The Gigabyte GA-890GPA-UD3H sure is a hard model name to remember when your friends ask you which motherboard you just bought. Instead, just tell them you've bought one of the best value for money AMD-based motherboards on the market.
The claim to fame of the MSI Big Bang Fuzion is its ability to run graphics cards from opposing camps (NVidia and AMD) in parallel using its "Hydra Engine". Apart from that, it is a nice motherboard targeted at the higher mid-range segment considering all the extras contained within the box. It supports the LGA1156 socket which means all mainstream Intel Core i5/i7 processors.
The MSI P55-GD80 PC motherboard supports mainstream Intel Core i5/i7 processors that use the Intel LGA1156 socket. It performs in line with what we expected, offers the features you'd expect and some more pleasantly surprising extras.
Asus today released its new M4A78-HTPC Series motherboards that are developed specifically for use in Home Theatre Personal Computers (HTPCs). According to a press release, the M4A78-HTPC Series motherboards are based on the AMD 780G chipset, which integrates HDMI/DVI support to display HD videos. The board also incorporates ASUS Absolute Pitch Hi-Fi and DTS Surround Sensation UltraPC Technology, for sound enhancement.
The ASUS Rampage II Gene is a microATX motherboard that features Intel’s latest X58 Express chipset for Core i7 CPUs (central processing units). It’s essentially a ‘Mini Me’ version of the ASUS Rampage II Extreme -- a regular ATX board with familiar specifications. (This is reflected by the Gene’s near-identical packaging; albeit in a shrunk down form.)
There's much to like about the P5Q3 Deluxe, which is a motherboard that makes use of Intel's P45 chipset. It's a fully-featured board that's perfect for a mid-level or high-end system, but it runs DDR3 memory, which means you probably won't be able to use your existing RAM if you're planning an upgrade. However, DDR3 isn't too expensive these days.
The NVIDIA nForce 750i SLI is only a mid-range enthusiast-level chipset, so it's definitely not the bee's knees if you want to build the ultimate gaming rig. However, EVGA has put it to good use on its Intel-based nForce 750i SLI FTW motherboard, offering a stable SLI-capable cornerstone for under $270.
It seems motherboard vendors are all doing their bit to try and curb the amount of power their boards consume. This is especially pertinent with models, such as the GA-EP45-DS4P, which burst at the edges with more ports than ever for external devices, hard drives and Gigabit network connections. This means any saving is welcome.
A new chipset isn't the only thing to look forward to with this ASUS motherboard: it also employs technology that allows you to save power and even get on the Internet with your newly built PC without loading Windows! It uses Splashtop to do this. While it's not something that's new to ASUS motherboards (it can also be found on the P5E3 Premium, for example) we think it complements the overall theme of low power consumption nicely.
AMD has launched a new chipset - the AMD 780G - to coincide with the release of its new low-power CPUs, and Gigabyte has put it to good use on its GA-MA78GM-S2H motherboard. It's an all-in-one board - meaning it also has integrated graphics - and its small micro-ATX form factor makes it the perfect foundation for a home theatre-based PC. But, can it be used for more?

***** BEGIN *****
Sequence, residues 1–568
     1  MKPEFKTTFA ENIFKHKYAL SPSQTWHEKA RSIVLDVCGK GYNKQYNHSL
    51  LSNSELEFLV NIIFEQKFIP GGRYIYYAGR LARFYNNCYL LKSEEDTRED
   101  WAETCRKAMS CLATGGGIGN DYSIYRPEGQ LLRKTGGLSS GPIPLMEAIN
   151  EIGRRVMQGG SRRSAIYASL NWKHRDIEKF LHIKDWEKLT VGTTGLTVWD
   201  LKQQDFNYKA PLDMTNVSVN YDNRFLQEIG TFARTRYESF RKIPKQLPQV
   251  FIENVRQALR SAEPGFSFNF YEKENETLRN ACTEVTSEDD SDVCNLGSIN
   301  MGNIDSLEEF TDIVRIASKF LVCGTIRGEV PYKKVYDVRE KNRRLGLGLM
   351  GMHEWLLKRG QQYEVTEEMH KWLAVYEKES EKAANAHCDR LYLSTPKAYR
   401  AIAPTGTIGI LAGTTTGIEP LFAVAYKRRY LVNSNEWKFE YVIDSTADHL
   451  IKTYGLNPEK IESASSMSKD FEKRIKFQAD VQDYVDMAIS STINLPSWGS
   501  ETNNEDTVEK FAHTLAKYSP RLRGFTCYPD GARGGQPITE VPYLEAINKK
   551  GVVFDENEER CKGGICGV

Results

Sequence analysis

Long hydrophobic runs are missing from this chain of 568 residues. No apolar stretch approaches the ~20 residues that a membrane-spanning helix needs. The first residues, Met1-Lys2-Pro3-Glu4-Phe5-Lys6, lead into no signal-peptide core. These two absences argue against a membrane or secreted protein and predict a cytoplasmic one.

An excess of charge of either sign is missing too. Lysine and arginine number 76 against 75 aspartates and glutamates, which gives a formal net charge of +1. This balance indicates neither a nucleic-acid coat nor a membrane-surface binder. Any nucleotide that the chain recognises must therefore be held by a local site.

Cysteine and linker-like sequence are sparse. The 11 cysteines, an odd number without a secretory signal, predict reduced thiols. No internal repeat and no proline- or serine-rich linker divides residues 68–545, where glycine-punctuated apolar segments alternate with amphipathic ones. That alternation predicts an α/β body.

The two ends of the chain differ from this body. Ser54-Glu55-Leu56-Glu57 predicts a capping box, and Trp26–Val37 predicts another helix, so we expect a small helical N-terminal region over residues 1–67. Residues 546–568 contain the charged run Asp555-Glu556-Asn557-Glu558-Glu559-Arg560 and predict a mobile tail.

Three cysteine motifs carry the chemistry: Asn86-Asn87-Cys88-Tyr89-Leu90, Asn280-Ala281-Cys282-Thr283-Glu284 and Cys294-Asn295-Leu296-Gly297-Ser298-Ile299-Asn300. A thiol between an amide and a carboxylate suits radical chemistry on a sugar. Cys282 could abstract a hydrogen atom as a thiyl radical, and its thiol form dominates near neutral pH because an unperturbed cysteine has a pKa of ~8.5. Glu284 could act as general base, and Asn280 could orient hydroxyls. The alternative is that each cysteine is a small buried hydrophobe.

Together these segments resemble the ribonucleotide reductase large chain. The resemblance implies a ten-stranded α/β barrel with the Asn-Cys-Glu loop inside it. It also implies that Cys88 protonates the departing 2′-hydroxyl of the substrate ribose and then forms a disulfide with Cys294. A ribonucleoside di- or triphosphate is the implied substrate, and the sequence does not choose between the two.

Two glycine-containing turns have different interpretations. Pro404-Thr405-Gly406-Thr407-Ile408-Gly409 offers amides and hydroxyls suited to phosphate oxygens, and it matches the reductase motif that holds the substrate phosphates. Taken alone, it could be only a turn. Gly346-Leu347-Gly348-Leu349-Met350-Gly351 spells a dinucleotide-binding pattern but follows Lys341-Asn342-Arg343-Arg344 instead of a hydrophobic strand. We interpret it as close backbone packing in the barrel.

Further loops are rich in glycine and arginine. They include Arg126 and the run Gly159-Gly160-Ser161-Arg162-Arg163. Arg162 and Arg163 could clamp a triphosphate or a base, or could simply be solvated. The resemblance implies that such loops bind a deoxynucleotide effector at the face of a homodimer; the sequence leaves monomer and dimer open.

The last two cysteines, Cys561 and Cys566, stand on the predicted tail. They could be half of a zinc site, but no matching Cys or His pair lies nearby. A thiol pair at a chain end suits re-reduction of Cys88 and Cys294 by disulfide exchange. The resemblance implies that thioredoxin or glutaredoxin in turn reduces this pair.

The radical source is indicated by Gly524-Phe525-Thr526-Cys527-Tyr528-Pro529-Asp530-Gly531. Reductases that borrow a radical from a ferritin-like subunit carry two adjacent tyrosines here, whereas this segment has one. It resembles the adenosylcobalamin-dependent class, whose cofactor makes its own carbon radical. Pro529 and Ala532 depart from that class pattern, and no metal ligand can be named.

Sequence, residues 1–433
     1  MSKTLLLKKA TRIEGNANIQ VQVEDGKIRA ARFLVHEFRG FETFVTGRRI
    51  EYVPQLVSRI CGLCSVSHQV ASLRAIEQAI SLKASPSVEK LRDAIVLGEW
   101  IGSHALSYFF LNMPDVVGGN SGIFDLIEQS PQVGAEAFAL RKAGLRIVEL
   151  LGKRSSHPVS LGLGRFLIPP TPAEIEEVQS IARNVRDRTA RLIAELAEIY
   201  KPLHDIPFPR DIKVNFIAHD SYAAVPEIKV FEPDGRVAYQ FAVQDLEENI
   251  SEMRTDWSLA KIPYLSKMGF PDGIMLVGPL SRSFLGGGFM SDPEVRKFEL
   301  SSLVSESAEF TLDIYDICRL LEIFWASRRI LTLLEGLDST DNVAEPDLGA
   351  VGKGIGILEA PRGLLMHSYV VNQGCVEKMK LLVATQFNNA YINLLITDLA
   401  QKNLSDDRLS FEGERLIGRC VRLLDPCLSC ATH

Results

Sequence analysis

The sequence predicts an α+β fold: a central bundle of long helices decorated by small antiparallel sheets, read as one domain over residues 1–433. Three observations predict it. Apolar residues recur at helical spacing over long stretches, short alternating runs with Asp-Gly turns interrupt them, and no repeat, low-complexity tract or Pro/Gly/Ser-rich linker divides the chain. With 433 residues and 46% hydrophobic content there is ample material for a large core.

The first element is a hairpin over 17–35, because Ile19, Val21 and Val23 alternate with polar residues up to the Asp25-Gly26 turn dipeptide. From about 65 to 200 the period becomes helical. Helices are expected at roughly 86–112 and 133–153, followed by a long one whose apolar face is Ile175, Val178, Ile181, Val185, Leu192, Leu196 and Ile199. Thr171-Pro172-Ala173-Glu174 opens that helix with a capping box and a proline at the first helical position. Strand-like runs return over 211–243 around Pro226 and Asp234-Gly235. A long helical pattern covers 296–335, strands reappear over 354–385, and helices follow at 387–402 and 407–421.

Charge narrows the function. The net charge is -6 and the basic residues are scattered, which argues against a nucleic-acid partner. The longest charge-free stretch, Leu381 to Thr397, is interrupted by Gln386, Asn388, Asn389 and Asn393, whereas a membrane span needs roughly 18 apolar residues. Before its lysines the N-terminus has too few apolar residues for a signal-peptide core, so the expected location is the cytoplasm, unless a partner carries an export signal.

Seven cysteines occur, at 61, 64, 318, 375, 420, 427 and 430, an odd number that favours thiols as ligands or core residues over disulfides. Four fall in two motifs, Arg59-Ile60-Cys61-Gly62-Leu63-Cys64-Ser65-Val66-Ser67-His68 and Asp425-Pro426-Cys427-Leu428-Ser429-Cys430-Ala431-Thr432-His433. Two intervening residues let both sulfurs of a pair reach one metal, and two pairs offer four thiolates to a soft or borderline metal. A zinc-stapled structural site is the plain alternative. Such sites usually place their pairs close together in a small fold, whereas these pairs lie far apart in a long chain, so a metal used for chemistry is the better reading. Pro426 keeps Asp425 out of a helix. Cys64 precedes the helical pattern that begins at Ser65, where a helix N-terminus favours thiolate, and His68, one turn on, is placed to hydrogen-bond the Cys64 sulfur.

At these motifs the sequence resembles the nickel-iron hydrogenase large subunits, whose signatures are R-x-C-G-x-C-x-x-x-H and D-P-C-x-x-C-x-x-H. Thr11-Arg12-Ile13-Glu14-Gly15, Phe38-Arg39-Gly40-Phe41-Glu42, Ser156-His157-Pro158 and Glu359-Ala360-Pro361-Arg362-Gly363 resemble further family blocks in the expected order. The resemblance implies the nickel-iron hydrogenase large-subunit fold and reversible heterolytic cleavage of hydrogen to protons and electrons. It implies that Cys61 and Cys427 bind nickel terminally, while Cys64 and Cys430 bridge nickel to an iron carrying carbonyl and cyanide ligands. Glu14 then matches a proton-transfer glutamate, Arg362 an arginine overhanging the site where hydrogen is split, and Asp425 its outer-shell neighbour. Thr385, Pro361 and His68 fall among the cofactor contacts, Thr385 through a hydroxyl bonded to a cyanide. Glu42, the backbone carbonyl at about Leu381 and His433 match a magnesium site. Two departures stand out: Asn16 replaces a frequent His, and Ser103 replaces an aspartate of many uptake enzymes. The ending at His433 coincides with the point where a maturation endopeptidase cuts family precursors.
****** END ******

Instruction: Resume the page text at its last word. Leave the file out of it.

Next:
It seems that AMD was on the right track (at least as far as Intel is concerned) when it released its 4x4 platform (a.k.a Quad FX), which is a motherboard with two CPU sockets and four graphics card slots. At the time, it was AMD's solution for quad-core computing, but it was an exciting prospect as it meant that in the future it could be upgraded to support up to eight CPU cores (see our review of the ASUS L1N64-SLI WS). Unfortunately, with all the delays in releasing its quad-core chips, the 4x4 never really gained traction, not even as a quad-core solution. However, Intel is harnessing the same concept for its Skulltrail platform, which uses new quad-core CPUs to perhaps provide the ultimate in workstation and high-end consumer computing.
The motherboard is one of the most important components in any PC, but few people are aware of what it actually does. This guide will give you the knowledge to make an informed decision.
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First impression on unpacking the Q702 test unit was the solid feel and clean, minimalist styling.
For work use, Microsoft Word and Excel programs pre-installed on the device are adequate for preparing short documents.
The Fujitsu LifeBook UH574 allowed for great mobility without being obnoxiously heavy or clunky. Its twelve hours of battery life did not disappoint.
The screen was particularly good. It is bright and visible from most angles, however heat is an issue, particularly around the Windows button on the front, and on the back where the battery housing is located.
My first impression after unboxing the Q702 is that it is a nice looking unit. Styling is somewhat minimalist but very effective. The tablet part, once detached, has a nice weight, and no buttons or switches are located in awkward or intrusive positions.
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